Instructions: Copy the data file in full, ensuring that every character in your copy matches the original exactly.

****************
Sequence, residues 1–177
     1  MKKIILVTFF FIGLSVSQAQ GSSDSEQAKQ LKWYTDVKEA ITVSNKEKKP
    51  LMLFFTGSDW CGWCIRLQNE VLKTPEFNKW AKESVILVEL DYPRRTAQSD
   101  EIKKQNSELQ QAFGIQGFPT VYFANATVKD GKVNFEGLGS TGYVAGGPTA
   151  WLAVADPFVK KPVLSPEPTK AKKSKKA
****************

Sequence, residues 1–177
     1  MKKIILVTFF FIGLSVSQAQ GSSDSEQAKQ LKWYTDVKEA ITVSNKEKKP
    51  LMLFFTGSDW CGWCIRLQNE VLKTPEFNKW AKESVILVEL DYPRRTAQSD
   101  EIKKQNSELQ QAFGIQGFPT VYFANATVKD GKVNFEGLGS TGYVAGGPTA
   151  WLAVADPFVK KPVLSPEPTK AKKSKKA